It should only be inspiration, though - your characters should believe things for reasons that make sense for them, not just for any random reason you've heard people use. That applies to characters who agree with you, too - they may believe some of the same things you do, but that doesn't mean they believe it for the same reasons and would use the same arguments to defend their position.

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  3. #3
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    Quote Originally Posted by Dragonfree View Post
    As with so much else, this is about properly imagining your characters as people whose views and opinions emerge organically from their experiences and general philosophies on life, instead of as plot devices that say and do whatever they need to say and do in order to make the story you've planned happen. If you have a whole and complete idea of who they are, what they care about and how they perceive the world, you can imagine how that opinion fits into their worldview, why they hold it and how they justify it to themselves, provided the opinion makes any sense at all for them to have.

    It's also a good exercise in general to train yourself in everyday life to really listen to people you disagree with, consider the points they make fairly and try to understand where they're coming from. Often you can dissect a disagreement down to a simple fundamental difference in priorities, for instance, which should make it fairly straightforward to simulate someone who holds the opposite opinion, since you can just derive it from the fact they care more about X than Y. Sometimes it comes down to a difference in perceived truths: if two people have been led to believe different statements about the world are true, they can end up with completely different opinions even if they're both thinking absolutely logically. And even if they believe something that is in fact simply and plainly fallacious, it fits somewhere into their cognitive framework, as part of an ideology or vision or wish or justification for something else. You can make great use of all of these kinds of opinions in characterization, and if you've observed closely exactly what lies behind people's disagreements with you, you have easy inspiration for writing characters whose worldviews are strongly opposed to yours.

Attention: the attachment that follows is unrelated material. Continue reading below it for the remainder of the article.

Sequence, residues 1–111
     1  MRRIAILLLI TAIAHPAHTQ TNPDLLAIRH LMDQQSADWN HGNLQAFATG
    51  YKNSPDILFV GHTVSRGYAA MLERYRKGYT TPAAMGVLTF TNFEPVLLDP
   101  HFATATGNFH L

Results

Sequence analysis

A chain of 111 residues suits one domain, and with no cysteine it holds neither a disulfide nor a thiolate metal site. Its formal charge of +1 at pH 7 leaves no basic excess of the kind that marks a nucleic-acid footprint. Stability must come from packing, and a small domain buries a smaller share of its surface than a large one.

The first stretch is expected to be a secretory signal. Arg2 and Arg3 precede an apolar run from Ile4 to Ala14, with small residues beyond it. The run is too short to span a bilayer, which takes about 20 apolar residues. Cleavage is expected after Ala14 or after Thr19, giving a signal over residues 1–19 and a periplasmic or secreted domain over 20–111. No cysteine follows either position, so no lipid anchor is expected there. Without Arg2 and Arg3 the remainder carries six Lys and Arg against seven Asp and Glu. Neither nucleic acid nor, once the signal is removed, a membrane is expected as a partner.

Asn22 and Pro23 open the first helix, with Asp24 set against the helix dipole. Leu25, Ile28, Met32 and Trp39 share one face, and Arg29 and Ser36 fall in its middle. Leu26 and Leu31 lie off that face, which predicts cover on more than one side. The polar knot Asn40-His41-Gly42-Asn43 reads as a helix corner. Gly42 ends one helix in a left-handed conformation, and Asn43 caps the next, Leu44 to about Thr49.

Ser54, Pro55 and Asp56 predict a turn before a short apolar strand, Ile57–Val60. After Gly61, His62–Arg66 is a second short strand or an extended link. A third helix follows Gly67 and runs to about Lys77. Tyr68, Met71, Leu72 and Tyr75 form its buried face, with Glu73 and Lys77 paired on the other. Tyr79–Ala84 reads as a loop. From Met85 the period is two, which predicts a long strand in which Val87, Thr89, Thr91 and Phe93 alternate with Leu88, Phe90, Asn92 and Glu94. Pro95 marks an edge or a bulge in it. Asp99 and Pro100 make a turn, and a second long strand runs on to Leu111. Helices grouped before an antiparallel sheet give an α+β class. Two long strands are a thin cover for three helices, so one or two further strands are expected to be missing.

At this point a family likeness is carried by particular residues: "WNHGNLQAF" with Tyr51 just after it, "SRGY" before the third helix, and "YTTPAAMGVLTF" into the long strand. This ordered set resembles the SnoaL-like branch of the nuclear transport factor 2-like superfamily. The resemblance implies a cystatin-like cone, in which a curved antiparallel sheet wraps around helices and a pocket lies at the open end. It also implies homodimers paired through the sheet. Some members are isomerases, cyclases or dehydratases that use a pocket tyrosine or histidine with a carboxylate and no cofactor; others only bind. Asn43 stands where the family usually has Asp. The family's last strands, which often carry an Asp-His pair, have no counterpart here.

It should only be inspiration, though - your characters should believe things for reasons that make sense for them, not just for any random reason you've heard people use. That applies to characters who agree with you, too - they may believe some of the same things you do, but that doesn't mean they believe it for the same reasons and would use the same arguments to defend their position.
    I wholeheartedly agree to your point. This is the thing that I always do to my stories and in life. If you know and understand many points of view of many people, it will help you on creativity. You should remove the inner boundaries that you have on the kinds of people that you meet or create.